The Biden Administration imposed a robust round of sanctions against Russia for a litany of transgressions, targeting 32 entities and individuals involved in disinformation, Russian interference in the 2020 presidential election, and Russia’s occupation of Crimea. The sanctions aim to stifle lending to the Russian government, barring U.S. financial institutions from the primary market for rouble-denominated Russian sovereign bonds from June 14. The U.S. has also publicly identified the SVR as the entity responsible for the SolarWinds cyberespionage effort discovered at the end of 2020 and expelled 10 Russian diplomats believed to be intelligence agents from the Russian Embassy in Washington, DC. These are the visible facets of the U.S. response to Russian aggression. What’s more, the U.S. has stressed that there will be “unseen” components, as well. This announcement comes at a difficult moment for the Kremlin, which is contending with a faltering economy and a high-profile hunger strike by jailed opposition figure Alexey Navalny. These sanctions are also designed to cool down the saber rattling by Russia, which is amassing military forces along the border with eastern Ukraine and Crimea. Putin will not back off and is likely to respond to the new sanctions by countering in a measured way to match these actions, including the use of cyber operations and disinformation. These maneuvers leave room for miscalculation, but both sides have a good understanding of the risk. That said, this is a necessary step to set the stage for serious negotiations on a new set of Moscow Rules. Putin is a realist and has an appreciation of power in negotiations. Neither side can afford to begin discussions from a position of weakness. We have been drifting into a new Cold War in recent years, which is why it is necessary for the two sides start the arduous process of establishing rules of the road on both the use of cyberattacks and interference in each other’s internal politics. President Biden has offered Putin the possibility of a summit in coming months, and the upcoming Summit on Climate on April 22 and 23 may offer a natural opportunity to begin that dialogue, coupled with sidebar discussions among national security officials. This could be a critically important first step.

Should you be interested in probing deeper into the U.S. dynamic with Russia today, check out Spymaster’s Prism: The Fight Against Russian Aggression, by Jack Devine.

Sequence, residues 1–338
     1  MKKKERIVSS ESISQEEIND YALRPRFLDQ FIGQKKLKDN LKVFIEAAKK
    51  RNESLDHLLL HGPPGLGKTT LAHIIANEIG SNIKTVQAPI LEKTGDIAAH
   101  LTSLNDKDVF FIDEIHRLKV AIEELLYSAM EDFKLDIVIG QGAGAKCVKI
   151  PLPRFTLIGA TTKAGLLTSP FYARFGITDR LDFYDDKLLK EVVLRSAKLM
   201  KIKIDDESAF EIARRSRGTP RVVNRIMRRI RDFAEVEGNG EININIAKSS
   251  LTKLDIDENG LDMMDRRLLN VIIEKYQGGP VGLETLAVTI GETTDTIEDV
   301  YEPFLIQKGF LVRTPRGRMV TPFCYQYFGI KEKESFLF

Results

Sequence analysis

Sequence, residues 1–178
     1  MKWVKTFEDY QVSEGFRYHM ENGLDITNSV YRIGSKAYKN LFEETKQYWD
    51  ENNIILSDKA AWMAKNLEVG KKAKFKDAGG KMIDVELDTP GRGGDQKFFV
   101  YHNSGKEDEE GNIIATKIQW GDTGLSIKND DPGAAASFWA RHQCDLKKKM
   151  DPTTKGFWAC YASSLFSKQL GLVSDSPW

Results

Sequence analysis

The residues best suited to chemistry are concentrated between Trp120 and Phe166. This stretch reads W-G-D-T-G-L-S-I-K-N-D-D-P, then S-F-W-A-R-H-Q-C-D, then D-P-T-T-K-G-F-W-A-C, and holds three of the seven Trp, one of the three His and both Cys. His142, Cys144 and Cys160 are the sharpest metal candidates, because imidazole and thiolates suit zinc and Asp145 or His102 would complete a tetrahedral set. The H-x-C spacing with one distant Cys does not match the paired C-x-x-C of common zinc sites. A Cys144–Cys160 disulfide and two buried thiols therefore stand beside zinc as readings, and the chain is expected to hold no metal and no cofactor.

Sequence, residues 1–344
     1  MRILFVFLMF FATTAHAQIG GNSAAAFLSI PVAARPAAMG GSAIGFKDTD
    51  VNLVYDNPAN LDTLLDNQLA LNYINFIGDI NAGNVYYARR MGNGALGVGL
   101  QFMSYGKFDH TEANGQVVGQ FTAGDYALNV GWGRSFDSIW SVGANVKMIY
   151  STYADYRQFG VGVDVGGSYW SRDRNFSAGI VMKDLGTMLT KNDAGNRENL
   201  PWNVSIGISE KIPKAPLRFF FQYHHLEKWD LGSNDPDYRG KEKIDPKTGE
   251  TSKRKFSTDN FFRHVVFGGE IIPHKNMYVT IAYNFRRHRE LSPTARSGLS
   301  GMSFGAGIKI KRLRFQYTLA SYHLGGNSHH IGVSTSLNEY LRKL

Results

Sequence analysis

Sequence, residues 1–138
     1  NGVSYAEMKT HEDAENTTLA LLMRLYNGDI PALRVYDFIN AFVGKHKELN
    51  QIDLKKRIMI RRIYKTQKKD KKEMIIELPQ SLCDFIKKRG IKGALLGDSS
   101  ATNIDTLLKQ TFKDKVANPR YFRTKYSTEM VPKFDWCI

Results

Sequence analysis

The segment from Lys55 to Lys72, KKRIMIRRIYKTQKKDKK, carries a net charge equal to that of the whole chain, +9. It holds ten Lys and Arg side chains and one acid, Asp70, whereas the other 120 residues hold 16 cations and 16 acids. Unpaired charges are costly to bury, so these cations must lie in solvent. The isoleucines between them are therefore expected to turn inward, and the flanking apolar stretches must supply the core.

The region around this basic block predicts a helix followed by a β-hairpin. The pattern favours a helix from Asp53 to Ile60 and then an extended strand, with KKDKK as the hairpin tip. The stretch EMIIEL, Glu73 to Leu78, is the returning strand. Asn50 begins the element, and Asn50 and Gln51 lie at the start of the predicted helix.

Iran and co-signatories to the 2015 nuclear agreement resumed negotiations in Vienna yesterday in a continued attempt to revive the deal, despite an attack on the Natanz nuclear facility earlier this week. The attack, widely believed to have been carried out by Israel, caused damage that was initially reported to be extensive (but has since been downplayed by Iran) and put the negotiations on shaky ground. In the immediate aftermath, Tehran pledged to increase uranium enrichment – in further violation of its commitments under the 2015 nuclear deal – but Ayatollah Khamenei later signaled Iran’s intent to move forward with nuclear deal negotiations despite the attack. The talks will be an uphill battle for a variety of reasons, not least years of deep mistrust between the U.S. and Iran. However, events of this week suggest that even robust commitment to reaching an agreement on both sides cannot control for external factors. Israel has consistently opposed the deal, saying that the terms will not prevent Iran from developing nuclear weapons, and has displayed its willingness to take action it deems necessary to sabotage Iran’s nuclear program, even at the risk of disrupting a key foreign policy goal of one of its staunchest allies. This is even more reason for Tehran to see a deal as being in its interest. Sacrificing the country’s economic health for the sake of nuclear weapons was never a trade-off that made sense, and it may well be that its neighbors will, by hook or by crook, prevent a nuclear-armed Iran from ever coming to pass.

Prime Minister Narendra Modi appears mindful of politics and economics even as India faces a second, more deadly wave of Covid-19. The surge of new cases is causing migrant workers to pour out of cities like Mumbai, which are going into varying degrees of lockdown again. The number of infections has increased to more than 13.5 million confirmed cases, with the daily count now over 200,000. This figure puts India second to the United States. But even as migrants crowd stations to get out of the cities, reminiscent of scenes from the large-scale lockdowns in 2020, large gatherings continue throughout the country. From the farmers’ protests in the north that continue on after six months to the thousands of Hindus gathering on the banks of the Ganges for a religious festival to the large rallies held by Prime Minister Narendra Modi’s political party facing upcoming local elections – it seems that the Indian government is loath to address the virus on a national scale. India’s economy shrank nearly 24% under the national lockdowns in 2020, causing deep suffering among India’s poorest segments of society. So far, the Indian government has been pushing for targeted lockdowns, or “micro containment zones,” in the cities and for the ongoing efforts of the national vaccination program, which is behind schedule and further complicated by reports of vaccine shortages. At the current inoculation rate, India would need more than two years to vaccinate 70% of its population and reach herd immunity. With the pace of vaccinations in India still vexingly slow at a time when cases are spreading rapidly, it seems unlikely India will get the virus under control any time soon.